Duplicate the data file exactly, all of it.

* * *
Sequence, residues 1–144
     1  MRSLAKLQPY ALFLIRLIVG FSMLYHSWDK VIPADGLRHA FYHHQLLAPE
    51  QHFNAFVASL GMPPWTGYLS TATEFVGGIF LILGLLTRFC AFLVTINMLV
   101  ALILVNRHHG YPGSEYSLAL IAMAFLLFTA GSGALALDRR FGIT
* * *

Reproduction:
Sequence, residues 1–144
     1  MRSLAKLQPY ALFLIRLIVG FSMLYHSWDK VIPADGLRHA FYHHQLLAPE
    51  QHFNAFVASL GMPPWTGYLS TATEFVGGIF LILGLLTRFC AFLVTINMLV
   101  ALILVNRHHG YPGSEYSLAL IAMAFLLFTA GSGALALDRR FGIT